Non-sexual violence and connectedness in adolescence: What are the implications for STD/HIV infection in young adulthood?
Tuesday, November 5, 2013
: 11:30 a.m. - 11:45 a.m.
Background: Violence in childhood is associated with later sexual risk behaviors and HIV infection. Conversely, connectedness, or emotional attachment and commitment to social relationships, is protective for several adolescent sexual risk behaviors. Few analyses, however, examine the association between violence or connectedness and sexual health longitudinally. Even fewer consider non-sexual violence as a predictor or STD infection as the outcome. Finally, no research examines how connectedness might moderate the association between violence and STD/HIV. Methods: Data from Waves I (grades 7-12) and IV (ages 24-32) (n=14,800) of the National Longitudinal Study of Adolescent Health were used. Multivariate logistic regressions examined the longitudinal association between (a) non-sexual violence victimization and perpetration and subsequent self-reported STD/HIV and (b) parent-family, school and community connectedness and subsequent self-reported STD/HIV. Interactions between violence involvement and each connectedness construct were tested in an additional model. Results: Controlling for biological sex, race/ethnicity, age, parent's education, and parent's marital status, violence victimization and perpetration were associated with an increased risk of STD/HIV (AOR=1.27, 95% CI=1.07-1.52 and AOR=1.22, 95% CI=1.05-1.41, respectively). Parent-family and school connectedness were associated with a decreased risk of STD/HIV (AOR=0.96, 95% CI=0.95-0.98 and AOR=0.97, 95% CI=0.95-0.997, respectively). Connectedness did not moderate the association between violence and STD/HIV. Conclusions: These findings suggest that non-sexual violence victimization and perpetration in adolescence are risk factors for STD/HIV infection in adulthood. Given that parent-family and school connectedness appear to directly reduce the likelihood of later STD/HIV, research should explore the role of connectedness in STD/HIV prevention.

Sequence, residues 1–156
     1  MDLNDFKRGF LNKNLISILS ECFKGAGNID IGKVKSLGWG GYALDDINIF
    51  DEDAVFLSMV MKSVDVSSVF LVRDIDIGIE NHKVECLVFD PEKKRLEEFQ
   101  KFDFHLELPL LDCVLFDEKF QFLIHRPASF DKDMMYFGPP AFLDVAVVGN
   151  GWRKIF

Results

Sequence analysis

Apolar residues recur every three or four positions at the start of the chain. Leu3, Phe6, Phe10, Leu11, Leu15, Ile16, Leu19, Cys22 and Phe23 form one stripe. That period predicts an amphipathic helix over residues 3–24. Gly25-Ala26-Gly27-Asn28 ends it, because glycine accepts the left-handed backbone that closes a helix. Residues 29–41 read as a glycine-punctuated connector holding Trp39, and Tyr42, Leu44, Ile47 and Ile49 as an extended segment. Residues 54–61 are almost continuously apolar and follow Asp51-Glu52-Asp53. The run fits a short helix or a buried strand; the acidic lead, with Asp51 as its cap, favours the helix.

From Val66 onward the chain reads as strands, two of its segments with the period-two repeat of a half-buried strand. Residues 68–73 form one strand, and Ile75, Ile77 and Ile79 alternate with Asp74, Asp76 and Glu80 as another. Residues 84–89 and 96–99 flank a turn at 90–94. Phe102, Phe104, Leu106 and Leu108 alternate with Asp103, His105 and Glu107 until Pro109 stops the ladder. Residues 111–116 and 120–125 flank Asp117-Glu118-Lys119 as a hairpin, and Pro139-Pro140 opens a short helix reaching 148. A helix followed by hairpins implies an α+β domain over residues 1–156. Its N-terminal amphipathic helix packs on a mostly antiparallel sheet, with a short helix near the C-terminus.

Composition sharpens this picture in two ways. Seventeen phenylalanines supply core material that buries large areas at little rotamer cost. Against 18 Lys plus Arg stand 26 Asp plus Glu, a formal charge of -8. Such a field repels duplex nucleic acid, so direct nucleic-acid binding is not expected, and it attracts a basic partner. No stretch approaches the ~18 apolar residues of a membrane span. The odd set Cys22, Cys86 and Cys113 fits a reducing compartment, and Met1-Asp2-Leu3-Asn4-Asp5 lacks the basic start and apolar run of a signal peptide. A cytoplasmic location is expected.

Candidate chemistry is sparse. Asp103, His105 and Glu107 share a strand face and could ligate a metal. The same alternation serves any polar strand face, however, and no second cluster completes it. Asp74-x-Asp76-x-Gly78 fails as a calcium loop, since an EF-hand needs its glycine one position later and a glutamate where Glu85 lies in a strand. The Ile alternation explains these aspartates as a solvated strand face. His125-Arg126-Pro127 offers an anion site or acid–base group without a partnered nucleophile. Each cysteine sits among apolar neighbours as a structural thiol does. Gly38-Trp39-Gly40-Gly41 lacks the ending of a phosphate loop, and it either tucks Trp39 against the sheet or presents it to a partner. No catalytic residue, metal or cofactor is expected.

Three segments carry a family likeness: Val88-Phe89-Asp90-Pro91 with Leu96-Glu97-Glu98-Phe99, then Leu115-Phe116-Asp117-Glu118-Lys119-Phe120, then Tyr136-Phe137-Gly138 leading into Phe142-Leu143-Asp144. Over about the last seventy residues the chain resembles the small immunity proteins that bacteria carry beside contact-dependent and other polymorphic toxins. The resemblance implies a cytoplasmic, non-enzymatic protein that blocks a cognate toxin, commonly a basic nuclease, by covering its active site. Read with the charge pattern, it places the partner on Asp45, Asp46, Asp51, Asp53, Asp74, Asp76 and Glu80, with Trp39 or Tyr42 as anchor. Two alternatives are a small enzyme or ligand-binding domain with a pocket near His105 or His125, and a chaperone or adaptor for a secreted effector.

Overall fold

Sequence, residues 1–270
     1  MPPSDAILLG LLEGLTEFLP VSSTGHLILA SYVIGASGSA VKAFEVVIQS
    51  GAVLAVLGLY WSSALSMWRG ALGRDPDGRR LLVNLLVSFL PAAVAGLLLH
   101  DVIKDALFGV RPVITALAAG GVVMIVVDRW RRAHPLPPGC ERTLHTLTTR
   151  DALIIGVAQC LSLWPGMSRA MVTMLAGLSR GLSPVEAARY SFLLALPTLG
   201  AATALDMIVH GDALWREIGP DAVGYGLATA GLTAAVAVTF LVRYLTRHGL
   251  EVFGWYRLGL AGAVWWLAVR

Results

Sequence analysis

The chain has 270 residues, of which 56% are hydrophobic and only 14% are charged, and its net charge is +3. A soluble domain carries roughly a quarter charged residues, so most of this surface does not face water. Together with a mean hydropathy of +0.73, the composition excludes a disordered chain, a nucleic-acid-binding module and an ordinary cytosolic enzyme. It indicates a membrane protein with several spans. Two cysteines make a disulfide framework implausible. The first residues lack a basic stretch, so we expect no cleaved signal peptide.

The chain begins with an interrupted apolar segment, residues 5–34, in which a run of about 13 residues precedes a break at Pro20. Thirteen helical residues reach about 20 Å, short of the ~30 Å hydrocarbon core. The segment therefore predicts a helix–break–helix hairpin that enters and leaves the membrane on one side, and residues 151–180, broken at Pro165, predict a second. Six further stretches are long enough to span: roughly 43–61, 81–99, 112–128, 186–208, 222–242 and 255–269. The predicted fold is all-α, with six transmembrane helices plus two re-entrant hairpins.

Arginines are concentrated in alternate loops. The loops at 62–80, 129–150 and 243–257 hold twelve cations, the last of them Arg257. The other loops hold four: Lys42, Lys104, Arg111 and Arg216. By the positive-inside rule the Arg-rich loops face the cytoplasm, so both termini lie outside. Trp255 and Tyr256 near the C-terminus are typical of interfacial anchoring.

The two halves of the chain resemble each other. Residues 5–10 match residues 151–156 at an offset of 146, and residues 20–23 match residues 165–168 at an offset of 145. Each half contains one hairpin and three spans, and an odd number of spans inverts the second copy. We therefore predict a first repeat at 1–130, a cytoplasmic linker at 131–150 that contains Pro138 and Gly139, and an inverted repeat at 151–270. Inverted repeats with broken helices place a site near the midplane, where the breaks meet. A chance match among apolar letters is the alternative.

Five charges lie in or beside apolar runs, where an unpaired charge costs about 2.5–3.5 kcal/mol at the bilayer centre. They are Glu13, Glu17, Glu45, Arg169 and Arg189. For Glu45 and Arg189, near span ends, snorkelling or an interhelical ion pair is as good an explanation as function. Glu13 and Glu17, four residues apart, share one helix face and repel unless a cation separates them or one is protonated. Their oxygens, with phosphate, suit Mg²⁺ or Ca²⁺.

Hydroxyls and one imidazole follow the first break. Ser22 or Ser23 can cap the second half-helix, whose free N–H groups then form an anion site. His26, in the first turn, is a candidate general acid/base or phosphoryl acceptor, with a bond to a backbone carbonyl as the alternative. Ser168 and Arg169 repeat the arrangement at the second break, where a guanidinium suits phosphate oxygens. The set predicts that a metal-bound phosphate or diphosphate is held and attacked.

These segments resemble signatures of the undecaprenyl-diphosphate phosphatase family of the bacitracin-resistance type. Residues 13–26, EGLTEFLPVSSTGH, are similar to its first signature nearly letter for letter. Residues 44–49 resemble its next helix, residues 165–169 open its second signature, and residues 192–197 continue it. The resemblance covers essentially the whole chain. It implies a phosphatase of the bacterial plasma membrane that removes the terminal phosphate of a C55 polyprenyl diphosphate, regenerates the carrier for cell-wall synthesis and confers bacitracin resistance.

Public health or related research
Social and behavioral sciences
Describe the longitudinal associations between non-sexual violence victimization and perpetration and STD/HIV infection among a nationally representative sample in the U.S.
Describe the longitudinal associations between family, school and community connectedness and STD/HIV infection among a nationally representative sample in the U.S.
Describe the moderating effects of connectedness on the associations between non-sexual violence victimization and perpetration and STD/HIV infection among a nationally representative sample in the U.S.
Keyword(s): STD, Violence
Presenting author's disclosure statement:
Qualified on the content I am responsible for because: I have been working at the intersection between HIV and reproductive health for the past five years and am currently a public health analyst at CDC focused on youth HIV/STD prevention and sexual health. My research interests include understanding the association between violence and HIV/STD infection and more recently, I have begun to explore the role of protective factors in promoting positive sexual health outcomes.
Any relevant financial relationships? No
I agree to comply with the American Public Health Association Conflict of Interest and Commercial Support Guidelines,
and to disclose to the participants any off-label or experimental uses of a commercial product or service discussed
in my presentation.